Showing posts with label Blog Topics. Show all posts
Showing posts with label Blog Topics. Show all posts

Thursday, November 16, 2017

What Should I Write?

March | 2011 | clairsimpson

Need an idea for a blog topic? Here are a few.
  1.  You Should Read . . .
  2.  My Favorite Book
  3.  Best Character in a Book
  4.  Interview a Family Member/Role Model
  5.  “How to” Post
  6.  Memoir--Share a Memory
  7.  Write about an Event From Your Life
  8.  Hobby Post
  9.  Write a Story
  10.  What I Saw at ________ Today
  11.  Respond to Another Post
  12.  Write a Poem
  13.  How to Write A Blog Post
  14.  Opinion Post
  15.  FAQ post
  16.  News Story
  17.  Write A Letter
  18.  Inspirational Post
  19.  Inspirational People Post
  20.  My Biggest Fear
  21.  "My Future" Post
  22.  Write From Someone Else's Point of View
  23.  Compare/Contrast Post
  24.  How I Stay Inspired
  25.  How to Succeed 
  26.  Favorite TV/Movie Star
  27.  Make a List
  28.  A Day In the Life Of…
  29.  School Survival Post
  30.  How to Be a Friend Post
  31.  Getting Good Grades 
  32.  Bucket List
  33.  Holiday Post
  34.  Slideshow
  35.  Advice Post
  36.  Turn a Post into a Poem
  37.  Sports Story
  38.  Top 10
  39.  If You Had to Live with a Handicap
  40.  Places--Where Would You Like to Go?
  41.  Facts Post
  42.  What I Want to Be . . .
  43.  My Goals for The Future
  44.  Write About Your Favorite Artist (Musician)
  45.  Write a Response to a Topic in the News
  46.  Tell About a Lesson Learned
  47.  Write a Play

Image from

Friday, December 26, 2008

Top 10 for 2008

As 2008 comes to a close, this is the Top 10 posts of 2008 on The Reading Workshop blog.

Everyone loves the beach, and the favorite post of 2008 had to do with bikinis and highlighting.

Questioning courage was popular as discussed in the post, Courage, Do You Have It?

Two posts discussing the trends in reading and writing by teens were popular in Teen Writing, ru lol? and Is Surfing the Net Reading?

Everyone seemed to wonder, Do We Really Need Books?

Knowing What Doesn't Matter when you are reading was important to many readers.

Lots of people seemed to want to be Smarter Than a Seventh Grader, and read about how this helped students prepare for the Ohio Achievement Test.

Many students seemed to want to Be on the Road to Smarter.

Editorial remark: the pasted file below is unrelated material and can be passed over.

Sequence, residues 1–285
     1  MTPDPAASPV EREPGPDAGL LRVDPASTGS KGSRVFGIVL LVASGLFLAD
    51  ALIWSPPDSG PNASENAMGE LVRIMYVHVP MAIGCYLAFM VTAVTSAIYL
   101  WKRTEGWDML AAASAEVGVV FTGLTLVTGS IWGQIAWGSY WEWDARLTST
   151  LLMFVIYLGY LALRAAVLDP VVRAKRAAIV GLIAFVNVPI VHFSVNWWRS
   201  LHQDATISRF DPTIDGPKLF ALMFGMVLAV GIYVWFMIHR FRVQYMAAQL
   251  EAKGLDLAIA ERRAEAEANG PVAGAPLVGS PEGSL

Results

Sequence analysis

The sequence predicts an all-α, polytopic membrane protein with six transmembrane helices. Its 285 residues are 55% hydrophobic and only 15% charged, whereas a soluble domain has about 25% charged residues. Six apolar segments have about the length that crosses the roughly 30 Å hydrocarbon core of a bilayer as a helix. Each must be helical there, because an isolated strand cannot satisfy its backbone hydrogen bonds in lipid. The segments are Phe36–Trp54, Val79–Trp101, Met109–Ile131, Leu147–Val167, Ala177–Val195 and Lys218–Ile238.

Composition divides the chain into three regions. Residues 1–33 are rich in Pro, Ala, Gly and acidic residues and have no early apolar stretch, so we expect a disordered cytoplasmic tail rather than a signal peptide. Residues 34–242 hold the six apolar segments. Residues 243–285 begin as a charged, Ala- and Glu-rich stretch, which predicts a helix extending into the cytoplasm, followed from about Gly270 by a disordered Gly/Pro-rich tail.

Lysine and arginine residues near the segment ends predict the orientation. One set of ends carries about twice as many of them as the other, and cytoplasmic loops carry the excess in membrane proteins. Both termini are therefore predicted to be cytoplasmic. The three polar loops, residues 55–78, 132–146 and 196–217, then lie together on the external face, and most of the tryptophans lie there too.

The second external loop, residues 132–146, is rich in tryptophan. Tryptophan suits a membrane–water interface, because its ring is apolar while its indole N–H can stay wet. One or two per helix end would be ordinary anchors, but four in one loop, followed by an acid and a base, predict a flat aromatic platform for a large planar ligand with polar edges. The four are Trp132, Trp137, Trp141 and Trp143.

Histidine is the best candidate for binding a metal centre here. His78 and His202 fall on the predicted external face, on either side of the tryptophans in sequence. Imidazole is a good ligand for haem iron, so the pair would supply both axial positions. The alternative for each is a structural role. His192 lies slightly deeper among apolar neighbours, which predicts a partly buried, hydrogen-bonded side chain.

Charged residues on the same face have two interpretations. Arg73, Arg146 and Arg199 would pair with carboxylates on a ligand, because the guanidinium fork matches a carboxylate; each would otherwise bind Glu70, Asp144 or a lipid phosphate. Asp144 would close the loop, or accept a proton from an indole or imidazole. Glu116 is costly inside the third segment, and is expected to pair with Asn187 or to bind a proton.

The Where Am I's? were a favorite of last year's class with Where Am I #5 having 107 comments until Josh and Caleb nailed it down.

I Hate Reading and I Don't Hate Reading, two posts that discussed a student's struggle with how he feels about reading gathered a lot of interest.

Thanks to Alltop, which lists top educational news and blogs for placing The Reading Workshop on their site in October of 2008. Joanne Jacobs also shared posts from the blog. Hopefully everyone found at least one post that made it worth the time visiting . Thank you for reading!

Thursday, December 4, 2008

Who Wants to Know about The Reading Workshop

Of the last 500 visitors:

They came from 35 states.
They came from 16 countries.
Sixteen visitors were from Texas.
Thirteen were from California
Twelve were from New York.
'Ten were from Florida.
Sixty five visits was the most by any one person.
Fifty nine was the second most times visited.
Two Hundred Sixty Nine started out on The Reading Workshop home page.
Twenty-two had questions about how to do Reading Workshop.
Sixteen had questions about Study Island.
Seven queried good books for student readers
Six wondered about the book Freak the Mighty.
Fifteen had question about listening to music as you work.
Twelve wanted information about the affect of texting on students' writing.
Thirteen visited for longer than an hour.
Thirty six wanted to know about Rambunctious Reading.
Ninety two percent that used a search engine, used Google.
Sixty seven percent are first time visitors.
One Hundred Eighty are using the newest version of Firefox.
Seventeen came from the latest Carnival of Education which list Educational blogs
Seventeen came from the Laurelville Elementary website.
Twelve came from Alltop which lists education news and headlines from across the web.